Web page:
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Review – Ocean Eyes

Pop is a genre that I’ve never really enjoyed – with the exception of Michael Jackson – especially as we’ve delved into this more modern age of the genre. Auto-tune, generic synthesizer sounds, and a mainly sex-focused lyrical style has really made this previously glorious genre fall flat on it’s face into a bed of spikes.

That is, until Adam Young had some awful insomnia.

Owl City is now another artist I can add to my very small list of exceptions that I can make for pop. It’s a rare occasion that I set aside my hatred for this genre because one particular artist struck my ears the right way. But, Adam Young and his Owl City deserves it even more than the King of Pop himself. Ocean Eyes is the second album produced by Young, and while it is not without it’s drawbacks, it is definitely one to hear.

One thing that I noticed that was completely impossible to not notice would be just how goddamn perky this music is, and I’m not saying that’s a bad thing. The instrumentals are very high and cheerful, dancing about your ear drums in some of the most pleasurable manners imaginable. And the lyrics can only be described as fantastical, singing on and on about a trip to the dentist, or being taught how to dance by ten-million fireflies. It is made clear very early into the album that Adam Young has one of the most active imaginations in the world. Ocean Eyes is going in my list of albums to listen to whenever I’m in a bad mood, and it should find it’s way there in your library as well.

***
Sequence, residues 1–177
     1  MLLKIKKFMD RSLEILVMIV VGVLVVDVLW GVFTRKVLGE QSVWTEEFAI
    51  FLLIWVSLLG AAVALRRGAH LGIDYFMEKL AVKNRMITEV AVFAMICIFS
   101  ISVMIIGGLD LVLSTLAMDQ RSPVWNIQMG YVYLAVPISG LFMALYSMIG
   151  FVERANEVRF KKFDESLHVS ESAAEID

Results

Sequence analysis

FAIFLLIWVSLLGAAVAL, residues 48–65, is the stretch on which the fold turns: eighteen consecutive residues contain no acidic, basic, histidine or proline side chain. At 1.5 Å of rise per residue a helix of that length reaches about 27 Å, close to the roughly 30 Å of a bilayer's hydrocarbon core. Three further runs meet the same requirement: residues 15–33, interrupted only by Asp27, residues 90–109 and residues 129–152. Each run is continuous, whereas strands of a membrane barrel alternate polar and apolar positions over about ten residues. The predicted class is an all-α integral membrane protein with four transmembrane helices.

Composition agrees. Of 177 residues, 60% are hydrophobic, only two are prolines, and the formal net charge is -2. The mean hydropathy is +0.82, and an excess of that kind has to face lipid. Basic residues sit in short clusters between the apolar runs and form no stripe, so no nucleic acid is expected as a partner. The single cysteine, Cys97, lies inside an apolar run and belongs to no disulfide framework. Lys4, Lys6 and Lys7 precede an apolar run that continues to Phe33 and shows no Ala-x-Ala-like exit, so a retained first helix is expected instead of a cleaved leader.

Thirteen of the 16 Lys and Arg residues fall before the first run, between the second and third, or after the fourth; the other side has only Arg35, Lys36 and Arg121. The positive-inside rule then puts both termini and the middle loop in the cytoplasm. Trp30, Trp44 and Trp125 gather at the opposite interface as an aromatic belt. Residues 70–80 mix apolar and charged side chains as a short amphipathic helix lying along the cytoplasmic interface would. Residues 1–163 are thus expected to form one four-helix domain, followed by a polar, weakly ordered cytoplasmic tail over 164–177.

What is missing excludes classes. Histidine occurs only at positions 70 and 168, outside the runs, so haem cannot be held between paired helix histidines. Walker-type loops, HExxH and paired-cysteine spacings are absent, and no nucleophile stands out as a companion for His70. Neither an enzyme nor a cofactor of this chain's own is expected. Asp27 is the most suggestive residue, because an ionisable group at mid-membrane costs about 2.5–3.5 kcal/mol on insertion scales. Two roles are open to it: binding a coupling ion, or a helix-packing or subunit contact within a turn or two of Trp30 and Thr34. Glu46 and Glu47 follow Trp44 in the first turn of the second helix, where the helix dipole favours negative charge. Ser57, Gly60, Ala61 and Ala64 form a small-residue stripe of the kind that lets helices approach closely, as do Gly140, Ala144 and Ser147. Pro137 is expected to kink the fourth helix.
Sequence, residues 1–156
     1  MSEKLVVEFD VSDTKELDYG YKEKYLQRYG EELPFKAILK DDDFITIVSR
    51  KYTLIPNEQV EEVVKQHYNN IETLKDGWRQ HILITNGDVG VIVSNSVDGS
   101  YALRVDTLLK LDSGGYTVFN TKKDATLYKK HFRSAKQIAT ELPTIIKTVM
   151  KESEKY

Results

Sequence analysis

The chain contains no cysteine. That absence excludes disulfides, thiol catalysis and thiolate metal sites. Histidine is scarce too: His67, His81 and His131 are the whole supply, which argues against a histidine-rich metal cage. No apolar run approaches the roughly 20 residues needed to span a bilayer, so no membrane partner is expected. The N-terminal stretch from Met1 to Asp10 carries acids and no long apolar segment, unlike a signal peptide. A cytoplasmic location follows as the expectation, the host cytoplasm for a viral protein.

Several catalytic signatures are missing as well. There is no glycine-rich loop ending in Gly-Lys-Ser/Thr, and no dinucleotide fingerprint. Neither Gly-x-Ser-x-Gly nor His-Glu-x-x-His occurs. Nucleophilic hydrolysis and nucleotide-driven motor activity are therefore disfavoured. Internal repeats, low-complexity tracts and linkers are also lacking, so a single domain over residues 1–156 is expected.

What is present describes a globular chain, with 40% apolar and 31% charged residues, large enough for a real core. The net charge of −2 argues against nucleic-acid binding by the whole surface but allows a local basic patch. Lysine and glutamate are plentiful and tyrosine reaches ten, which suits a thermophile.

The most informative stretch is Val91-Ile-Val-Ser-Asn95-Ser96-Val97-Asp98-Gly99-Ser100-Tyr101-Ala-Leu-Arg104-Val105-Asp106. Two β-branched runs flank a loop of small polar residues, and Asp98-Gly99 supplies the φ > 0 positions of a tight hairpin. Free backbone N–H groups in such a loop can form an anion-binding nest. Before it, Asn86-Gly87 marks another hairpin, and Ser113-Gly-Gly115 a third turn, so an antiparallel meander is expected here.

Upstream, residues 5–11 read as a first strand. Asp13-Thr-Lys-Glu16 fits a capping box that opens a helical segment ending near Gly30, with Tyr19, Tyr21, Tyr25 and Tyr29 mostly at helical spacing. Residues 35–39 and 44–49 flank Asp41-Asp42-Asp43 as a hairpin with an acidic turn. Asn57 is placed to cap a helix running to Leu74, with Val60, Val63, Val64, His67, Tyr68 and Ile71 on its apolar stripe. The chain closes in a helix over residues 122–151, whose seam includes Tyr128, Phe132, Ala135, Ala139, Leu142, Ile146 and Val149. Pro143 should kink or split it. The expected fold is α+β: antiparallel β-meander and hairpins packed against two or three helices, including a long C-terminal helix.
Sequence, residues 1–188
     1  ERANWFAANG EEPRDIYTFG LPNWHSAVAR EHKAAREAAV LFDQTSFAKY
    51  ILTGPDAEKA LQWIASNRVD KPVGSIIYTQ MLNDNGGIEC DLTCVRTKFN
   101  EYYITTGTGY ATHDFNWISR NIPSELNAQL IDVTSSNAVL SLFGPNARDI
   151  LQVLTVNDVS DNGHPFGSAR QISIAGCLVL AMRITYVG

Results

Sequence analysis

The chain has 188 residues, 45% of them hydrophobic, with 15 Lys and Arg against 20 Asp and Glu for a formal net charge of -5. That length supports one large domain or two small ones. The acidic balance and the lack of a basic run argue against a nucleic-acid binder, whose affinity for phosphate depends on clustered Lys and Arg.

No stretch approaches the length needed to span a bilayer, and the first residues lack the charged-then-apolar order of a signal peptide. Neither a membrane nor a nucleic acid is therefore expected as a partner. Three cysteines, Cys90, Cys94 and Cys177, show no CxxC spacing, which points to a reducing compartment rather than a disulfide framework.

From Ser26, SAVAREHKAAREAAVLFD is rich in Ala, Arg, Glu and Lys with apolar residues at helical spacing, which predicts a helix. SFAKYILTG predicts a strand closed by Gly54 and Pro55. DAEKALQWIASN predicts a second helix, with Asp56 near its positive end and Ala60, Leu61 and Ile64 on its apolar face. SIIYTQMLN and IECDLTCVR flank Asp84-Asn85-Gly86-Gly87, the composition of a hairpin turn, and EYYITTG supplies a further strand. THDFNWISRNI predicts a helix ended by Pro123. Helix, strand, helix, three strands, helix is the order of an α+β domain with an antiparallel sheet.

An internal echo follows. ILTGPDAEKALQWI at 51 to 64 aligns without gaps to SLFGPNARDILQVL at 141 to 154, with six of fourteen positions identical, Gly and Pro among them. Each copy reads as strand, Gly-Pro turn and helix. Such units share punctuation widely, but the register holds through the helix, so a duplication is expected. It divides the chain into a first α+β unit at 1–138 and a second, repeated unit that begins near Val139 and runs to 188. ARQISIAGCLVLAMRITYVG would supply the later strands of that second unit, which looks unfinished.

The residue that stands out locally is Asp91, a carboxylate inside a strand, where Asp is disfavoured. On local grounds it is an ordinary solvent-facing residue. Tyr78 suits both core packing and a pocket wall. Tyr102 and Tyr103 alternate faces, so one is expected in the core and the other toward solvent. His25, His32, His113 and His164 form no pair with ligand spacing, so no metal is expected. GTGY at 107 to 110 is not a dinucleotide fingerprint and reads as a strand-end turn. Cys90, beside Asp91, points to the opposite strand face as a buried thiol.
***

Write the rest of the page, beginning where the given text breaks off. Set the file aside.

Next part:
Another thing that completely blew me away was the inclusion of auto-tune. Why did this blow me away? I just said that pop was being plagued by this tool of the devil, so why would it surprise me so that it was used? Well, it wasn’t the fact that it was used that surprised me; it was the fact that this is the only time I’ve ever heard auto-tune and enjoyed it. Adam Young’s voice is the only one I’ve ever heard that fits with the sound of auto-tuning. And, honestly, it’s kind of hard to notice at points. I often forgot that the tool was even being used in the first place. So, either Adam is already in tune most of the time, or he really didn’t use it all that much. Either way; it sounded amazing.

Unfortunately, Ocean Eyes, like any good album, must have it’s downsides. Fortunately, there’s only one. By the fifth or sixth track, you’re really going to start wondering why all of these songs sound so similar. I often lost track of which song I was listening to, simply because I couldn’t even tell that the last one had ended. One could say that this isn’t exactly a bad thing; because they’re all beautiful songs, but I was left wanting a little more variety in the sound. The lyrics definitely differ greatly though. There’s some bonus points in here simply for the song Dental Care, which is, as the title suggests, about going to the dentist.

Overall, Ocean Eyes is definitely a success. Anyone who heard and enjoyed the single Fireflies needs to give this entire album a listen, as you’ll likely enjoy it as much as the single. While the similarity of the songs is a bit discouraging, the creativity, perky-ness, and musical massage you receive from listening to this album are all worth that one minor drawback. Give Ocean Eyes a listen, whether you like pop or not.

     TL;DR Version:
The Good:

  • Perky, fun sound.
  • Only artist to ever make auto-tune sound good.
  • Very creative lyrics that keep you interested.
The Bad:
  • It doesn’t take long for the songs to start sounding the same.
Final Score: 9/10
Categories: Uncategorized
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